If you can get one suggestion implemented that removes a re-occurring meeting that many people complain about, people will see the benefits of this and it’ll become a snowball that builds more and more momentum. Eventually you’ll have changed the culture of the workplace by making it more efficient and improving team morale.

How do you avoid too many meetings at work?


20121026-gesturesThere are many times when you are giving a presentation, facilitating a workshop or even just participating in a meeting, when you want to use gestures to convey a message more confidently. If you’re unpractised in the art of non-verbal communication you may feel like you’ve made an awkward blunder. This post is to help you turn gesturing into a natural thing that you can use any time to get your message across.

Three simple gestures

Here are some very simple gestures (see the video Make body language your superpower for a simple and entertaining demonstration).

  1. The Give – This is where you hold your arm and hand out, with palm facing upwards, as though you are giving something to someone. You can use one or both hands. Use this to present facts and options to your audience.
  2. The Show – You can use a range of motions to show your audience something. For example with both arms in front of you and palms facing each other, move your arms outwards as though you are stretching an accordion. This can show a range of options or an expanding list.
  3. The Chop – Slice through the air with your hand as though you are chopping a watermelon. You can use one hand or both. Use this to convey a strong opinion, a rule or a law.

Your standing position for these gestures should be with hands relaxed by your side, not in your pockets or on your hips. The hands by your side position may feel awkward for you but it’s the most comfortable position for your audience and you’ll soon become used to it as well.

Note that these are always open and expressive movements, never closed. One of the critical points the video makes at the end – avoid T-Rex gestures!


Power poses

Amy Cuddy’s inspiring TED talk teaches us that spending just 2 minutes in a power pose before going into an evaluative situation will increase your confidence and help you show a positive attitude. The idea is that our bodies can influence our minds, and posing for 2 minutes will make you feel powerful so you will act calm and in-control with confidence.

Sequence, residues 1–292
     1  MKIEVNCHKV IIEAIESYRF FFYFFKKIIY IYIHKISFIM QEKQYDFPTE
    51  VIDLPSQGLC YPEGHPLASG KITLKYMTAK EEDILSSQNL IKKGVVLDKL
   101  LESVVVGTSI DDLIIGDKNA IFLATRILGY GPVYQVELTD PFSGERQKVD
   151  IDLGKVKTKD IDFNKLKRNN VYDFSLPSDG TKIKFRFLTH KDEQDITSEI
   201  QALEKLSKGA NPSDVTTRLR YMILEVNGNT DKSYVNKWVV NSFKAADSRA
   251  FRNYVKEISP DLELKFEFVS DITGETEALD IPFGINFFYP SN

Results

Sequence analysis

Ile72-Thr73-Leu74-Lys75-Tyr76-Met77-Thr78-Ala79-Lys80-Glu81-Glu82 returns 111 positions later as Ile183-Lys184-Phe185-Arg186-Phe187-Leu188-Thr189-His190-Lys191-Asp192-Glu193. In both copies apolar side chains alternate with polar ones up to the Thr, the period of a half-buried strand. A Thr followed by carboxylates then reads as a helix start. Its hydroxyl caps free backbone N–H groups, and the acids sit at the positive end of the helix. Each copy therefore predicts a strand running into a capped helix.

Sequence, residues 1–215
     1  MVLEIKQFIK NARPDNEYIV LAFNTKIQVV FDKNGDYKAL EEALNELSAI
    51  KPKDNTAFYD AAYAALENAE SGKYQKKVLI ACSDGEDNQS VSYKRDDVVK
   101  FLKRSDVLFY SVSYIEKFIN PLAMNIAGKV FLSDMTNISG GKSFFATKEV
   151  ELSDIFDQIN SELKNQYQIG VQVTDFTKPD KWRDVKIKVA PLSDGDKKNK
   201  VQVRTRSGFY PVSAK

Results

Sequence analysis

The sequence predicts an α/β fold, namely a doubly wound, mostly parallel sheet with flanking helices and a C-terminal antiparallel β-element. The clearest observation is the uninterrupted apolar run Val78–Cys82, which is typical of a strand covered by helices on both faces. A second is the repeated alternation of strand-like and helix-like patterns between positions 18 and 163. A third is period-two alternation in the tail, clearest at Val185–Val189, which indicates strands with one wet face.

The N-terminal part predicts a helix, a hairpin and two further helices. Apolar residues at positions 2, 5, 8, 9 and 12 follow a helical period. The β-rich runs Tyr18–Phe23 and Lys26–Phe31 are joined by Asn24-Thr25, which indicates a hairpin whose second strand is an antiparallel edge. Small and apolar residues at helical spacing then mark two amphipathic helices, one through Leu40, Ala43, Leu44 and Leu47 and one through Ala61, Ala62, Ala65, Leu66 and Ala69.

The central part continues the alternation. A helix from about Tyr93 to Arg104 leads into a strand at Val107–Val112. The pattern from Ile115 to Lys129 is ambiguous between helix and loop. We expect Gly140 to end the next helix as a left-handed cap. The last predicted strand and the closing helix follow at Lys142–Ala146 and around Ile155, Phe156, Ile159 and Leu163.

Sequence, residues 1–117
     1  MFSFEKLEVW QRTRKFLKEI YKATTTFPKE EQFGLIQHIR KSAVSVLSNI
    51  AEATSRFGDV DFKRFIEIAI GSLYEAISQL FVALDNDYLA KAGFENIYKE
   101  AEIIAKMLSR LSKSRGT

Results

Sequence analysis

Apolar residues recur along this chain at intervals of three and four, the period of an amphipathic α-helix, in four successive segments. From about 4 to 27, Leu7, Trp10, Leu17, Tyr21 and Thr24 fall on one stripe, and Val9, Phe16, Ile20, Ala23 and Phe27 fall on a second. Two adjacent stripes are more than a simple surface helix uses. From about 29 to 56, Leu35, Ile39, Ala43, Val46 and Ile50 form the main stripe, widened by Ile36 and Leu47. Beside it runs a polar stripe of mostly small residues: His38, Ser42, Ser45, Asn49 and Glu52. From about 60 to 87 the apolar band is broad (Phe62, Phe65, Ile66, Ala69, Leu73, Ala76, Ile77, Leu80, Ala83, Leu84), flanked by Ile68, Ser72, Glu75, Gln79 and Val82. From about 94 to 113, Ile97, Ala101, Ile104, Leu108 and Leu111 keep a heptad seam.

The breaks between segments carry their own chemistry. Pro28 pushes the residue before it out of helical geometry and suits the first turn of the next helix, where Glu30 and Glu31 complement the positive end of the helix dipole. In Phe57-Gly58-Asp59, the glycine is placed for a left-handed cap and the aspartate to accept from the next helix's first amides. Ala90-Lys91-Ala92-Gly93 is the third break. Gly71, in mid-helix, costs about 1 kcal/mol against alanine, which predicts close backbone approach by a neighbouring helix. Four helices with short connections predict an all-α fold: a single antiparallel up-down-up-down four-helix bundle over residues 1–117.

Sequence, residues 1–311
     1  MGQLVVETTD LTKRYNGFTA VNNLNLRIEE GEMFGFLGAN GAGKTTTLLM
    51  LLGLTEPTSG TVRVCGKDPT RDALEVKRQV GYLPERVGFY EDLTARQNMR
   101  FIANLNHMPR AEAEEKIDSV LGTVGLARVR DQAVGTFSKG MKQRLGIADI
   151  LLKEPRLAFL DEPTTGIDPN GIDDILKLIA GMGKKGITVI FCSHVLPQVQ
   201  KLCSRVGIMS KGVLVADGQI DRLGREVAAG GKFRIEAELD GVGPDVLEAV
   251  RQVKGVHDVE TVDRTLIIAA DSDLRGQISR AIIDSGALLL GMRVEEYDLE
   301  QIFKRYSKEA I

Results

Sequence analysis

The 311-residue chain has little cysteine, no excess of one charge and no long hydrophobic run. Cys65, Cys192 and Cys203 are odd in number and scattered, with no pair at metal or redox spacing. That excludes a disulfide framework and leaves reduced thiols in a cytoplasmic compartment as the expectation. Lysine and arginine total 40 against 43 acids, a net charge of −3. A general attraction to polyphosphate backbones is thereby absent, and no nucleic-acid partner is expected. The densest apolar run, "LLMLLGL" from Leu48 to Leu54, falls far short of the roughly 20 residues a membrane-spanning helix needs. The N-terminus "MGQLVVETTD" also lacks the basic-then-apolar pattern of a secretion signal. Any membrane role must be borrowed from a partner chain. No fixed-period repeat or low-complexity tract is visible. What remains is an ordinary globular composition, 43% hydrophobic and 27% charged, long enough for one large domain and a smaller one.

There are many examples out there – generally open poses where you expand yourself are high power poses whilst poses where you make yourself smaller, taking up less space or protecting yourself, are low power poses.

Practicing – Build it into your morning ritual

Excellent! You know all about gestures. But knowing all about gestures is not enough – it will be very difficult to consciously think about it all the time and often you’ll gesture ineffectively without realising till after it’s done. So your goal is to make it come naturally so you’ll be gesturing like a boss wherever you go!

One of the best ways to build it into your system is to include a 5 minute practice session in your morning ritual. After you’ve had your glass of water (great to get into the habit of drinking a glass of water as soon as you get up – it really gets you alert and ready), gotten dressed and are ready to go out the door, spend 5 minutes in front of the mirror.

A full length mirror is best. Practice your gestures – first use the give, then the show, then maybe a chop. Watch yourself and avoid T-Rex gestures. As you do this every day, it will start becoming very natural. Next time you feel you want to gesture in a meeting, it’ll instinctively come out looking confident. You’ll move your arms away from your body, with palms up in an open motion. This only happens after a lot of practice. If you just know the theory, you won’t be able to do it in the moment because most of your mind will be on the subject being discussed – you’ll only have a small part of your brain power focussed on your body language so you want it to happen without too much concentration needed.

How do improve your use of gestures?


Some inspiring videos on the topic